How small and mobile can your office be? The laptop has replaced the desktop PC, but now the smartphone is outselling both of these devices – combined. So, can a smartphone replace your PC altogether? Investment Executive sought out some tools that could help to turn your smartphone into a stand-alone workstation that slips into your pocket.

What we found convinced us that you could survive on the road using just your smartphone – although you may need a few extra pockets. Here is our guide to your ultra-portable smartphone-based office – without a selfie stick in sight:

The smartphone

Financial advisors on the go will need a smartphone that can do a passable impression of a computer and run, at the least, basic productivity applications. Microsoft Corp.’s Lumia 950 is the closest thing to having this capability; the device features the Windows 10 Continuum function. This new feature enables the smartphone to connect to an external monitor, mouse and keyboard through a $129 proprietary dock.

When connected, the Lumia 950 and its larger sibling, the Lumia 950XL, which has a larger screen, can provide Microsoft Office and browser functions on the external monitor. The downside? Canadian carriers don’t appear to be offering these devices, which means that you’ll have to purchase the unlocked versions directly from Microsoft Canada’s online store for the time being. The Lumia 950 sells for $749; the Lumia 950XL costs $849.

An alternative smartphone is Samsung Electronics Co. Ltd.’s Galaxy Note 5. Launched last year, the Galaxy Note 5 is a 5.7″ “phablet” that offers a sufficiently large screen for browsing, along with a built-in stylus for taking notes. The previous version has a slower processor, but can take a removable battery and an SD card for additional storage. Both devices are available on contract from some of Canada’s largest wireless carriers.

Should you buy the Galaxy Note and are feeling especially geeky, you can turn it into a fully functional Linux desktop using the Debian NoRoot app, available from the Google Play online store, which will let you install Linux-based applications.

The keyboard

If you’re trying to be productive with a smartphone on the road, you’re going to need something more usable than the hunt-and-peck software-based keyboards found on most smartphones. These tools are slow and prone to errors.

A traditional Bluetooth keyboard will turn your pocket office into an unwieldy office-in-a-bag, but there is a solution: a foldable Bluetooth keyboard. The Jorno is a compact foldable Bluetooth keyboard that fits in your pocket at just 5.8″ x 3.5″ in size. This add-on folds out, butterfly-style, to 9.9″ wide and will give you 85 hours of typing on its rechargeable battery. Just don’t try to do all of the typing in one sitting.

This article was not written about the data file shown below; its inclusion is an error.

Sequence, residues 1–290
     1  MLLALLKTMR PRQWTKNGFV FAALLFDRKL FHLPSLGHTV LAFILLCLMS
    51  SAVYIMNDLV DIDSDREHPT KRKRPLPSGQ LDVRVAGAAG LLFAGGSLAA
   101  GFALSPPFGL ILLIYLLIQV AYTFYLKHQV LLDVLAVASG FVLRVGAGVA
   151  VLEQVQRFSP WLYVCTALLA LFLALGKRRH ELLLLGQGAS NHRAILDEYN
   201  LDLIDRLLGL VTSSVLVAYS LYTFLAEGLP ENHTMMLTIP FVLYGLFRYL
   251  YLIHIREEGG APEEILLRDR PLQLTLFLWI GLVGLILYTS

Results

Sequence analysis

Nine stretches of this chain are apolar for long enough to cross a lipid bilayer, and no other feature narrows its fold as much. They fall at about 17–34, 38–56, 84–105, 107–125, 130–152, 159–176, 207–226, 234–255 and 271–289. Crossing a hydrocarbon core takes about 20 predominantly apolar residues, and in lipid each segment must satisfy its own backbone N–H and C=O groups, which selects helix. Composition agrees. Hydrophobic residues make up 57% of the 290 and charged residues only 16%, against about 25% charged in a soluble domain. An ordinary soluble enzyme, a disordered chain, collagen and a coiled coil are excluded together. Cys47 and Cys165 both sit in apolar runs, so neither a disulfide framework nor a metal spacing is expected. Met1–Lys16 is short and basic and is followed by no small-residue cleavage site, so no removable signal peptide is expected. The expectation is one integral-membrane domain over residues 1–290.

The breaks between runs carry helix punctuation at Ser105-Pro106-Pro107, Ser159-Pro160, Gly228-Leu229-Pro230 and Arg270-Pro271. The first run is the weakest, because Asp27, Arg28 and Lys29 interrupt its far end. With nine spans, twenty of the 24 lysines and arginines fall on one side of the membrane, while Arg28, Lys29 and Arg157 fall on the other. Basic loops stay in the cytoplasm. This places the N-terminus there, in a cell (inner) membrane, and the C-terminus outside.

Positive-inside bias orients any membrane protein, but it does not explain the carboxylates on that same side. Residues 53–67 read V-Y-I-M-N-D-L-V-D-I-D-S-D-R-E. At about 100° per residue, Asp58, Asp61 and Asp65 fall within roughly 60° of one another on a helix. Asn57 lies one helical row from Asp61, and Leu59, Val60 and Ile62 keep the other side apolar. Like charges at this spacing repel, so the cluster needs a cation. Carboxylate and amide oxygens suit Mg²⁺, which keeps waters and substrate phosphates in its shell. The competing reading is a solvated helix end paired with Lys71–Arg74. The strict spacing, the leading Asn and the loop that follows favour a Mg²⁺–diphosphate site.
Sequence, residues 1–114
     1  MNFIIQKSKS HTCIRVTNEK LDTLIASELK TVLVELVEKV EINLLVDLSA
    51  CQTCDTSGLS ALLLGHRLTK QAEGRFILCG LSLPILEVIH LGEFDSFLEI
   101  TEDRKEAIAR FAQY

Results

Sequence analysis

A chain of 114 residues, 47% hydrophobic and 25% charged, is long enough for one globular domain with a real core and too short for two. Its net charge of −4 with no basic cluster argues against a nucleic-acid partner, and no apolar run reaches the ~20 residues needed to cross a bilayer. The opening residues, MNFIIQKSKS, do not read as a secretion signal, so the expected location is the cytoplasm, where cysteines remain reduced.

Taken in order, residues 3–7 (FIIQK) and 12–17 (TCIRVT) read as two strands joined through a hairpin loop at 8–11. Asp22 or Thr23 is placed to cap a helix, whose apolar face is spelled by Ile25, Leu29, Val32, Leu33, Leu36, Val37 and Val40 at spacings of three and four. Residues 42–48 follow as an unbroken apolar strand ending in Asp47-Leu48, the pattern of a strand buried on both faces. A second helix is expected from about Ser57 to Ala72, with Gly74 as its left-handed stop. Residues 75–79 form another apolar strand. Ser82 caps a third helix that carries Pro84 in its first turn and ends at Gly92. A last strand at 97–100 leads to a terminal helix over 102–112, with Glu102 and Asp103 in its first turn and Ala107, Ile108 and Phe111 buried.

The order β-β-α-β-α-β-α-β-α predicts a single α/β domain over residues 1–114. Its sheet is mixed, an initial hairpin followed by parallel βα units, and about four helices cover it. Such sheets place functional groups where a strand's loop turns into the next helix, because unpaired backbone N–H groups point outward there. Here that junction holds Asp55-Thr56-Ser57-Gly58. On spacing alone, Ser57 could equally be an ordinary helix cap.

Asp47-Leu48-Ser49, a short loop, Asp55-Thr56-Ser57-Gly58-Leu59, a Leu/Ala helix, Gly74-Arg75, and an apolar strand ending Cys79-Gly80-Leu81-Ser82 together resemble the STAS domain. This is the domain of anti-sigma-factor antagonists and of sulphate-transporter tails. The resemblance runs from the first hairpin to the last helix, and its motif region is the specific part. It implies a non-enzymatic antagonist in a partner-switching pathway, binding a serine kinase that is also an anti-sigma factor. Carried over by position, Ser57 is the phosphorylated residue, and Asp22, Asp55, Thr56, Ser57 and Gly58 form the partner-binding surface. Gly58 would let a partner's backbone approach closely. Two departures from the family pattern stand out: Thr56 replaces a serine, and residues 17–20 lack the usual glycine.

The Jorno, which is available with a limited introductory offer for US$99 at, operates up to 32 feet away from your smartphone. However, you probably will want your smartphone right in front of you, which is why this Journo’s protective case doubles as a stand for your phone. This setup will turn your smartphone into the smallest workstation in existence, enabling you to hammer out Office documents at a push.

The power

The dirty secret of the mobile electronics industry is that battery technology isn’t keeping up with the power-hungry smarts in the devices themselves. This lack of battery capacity is why your smartphone often will turn into a black mirror after a few hours of intensive mobile surfing and emailing. Until someone invents the air-powered smartphone, you’re going to need to take some extra juice along with you.

The Tulip Compact Power Bank packs a hefty punch for a backup battery that’s roughly the size of a Snickers candy bar. Power up this gadget using a USB charger and you’ll have enough power for at least a single smartphone charge while you’re on the road. This power pack holds 3,200mAh (milliampere hours) of power. Given that a Galaxy Note 5 has a 3,000mHa battery, using the Tulip should help you avoid being caught out of power while you’re on the move. The Tulip Compact Power Bank is available for US$16.95 at

The luggage

If you’re travelling further afield than usual but want even your luggage to be smartphone-friendly, consider the Bluesmart, available for US$399 at This feature-rich roll-on luggage comes with a 10,000mHa battery and its own USB ports for charging your laptop, tablet, smartphone or other device.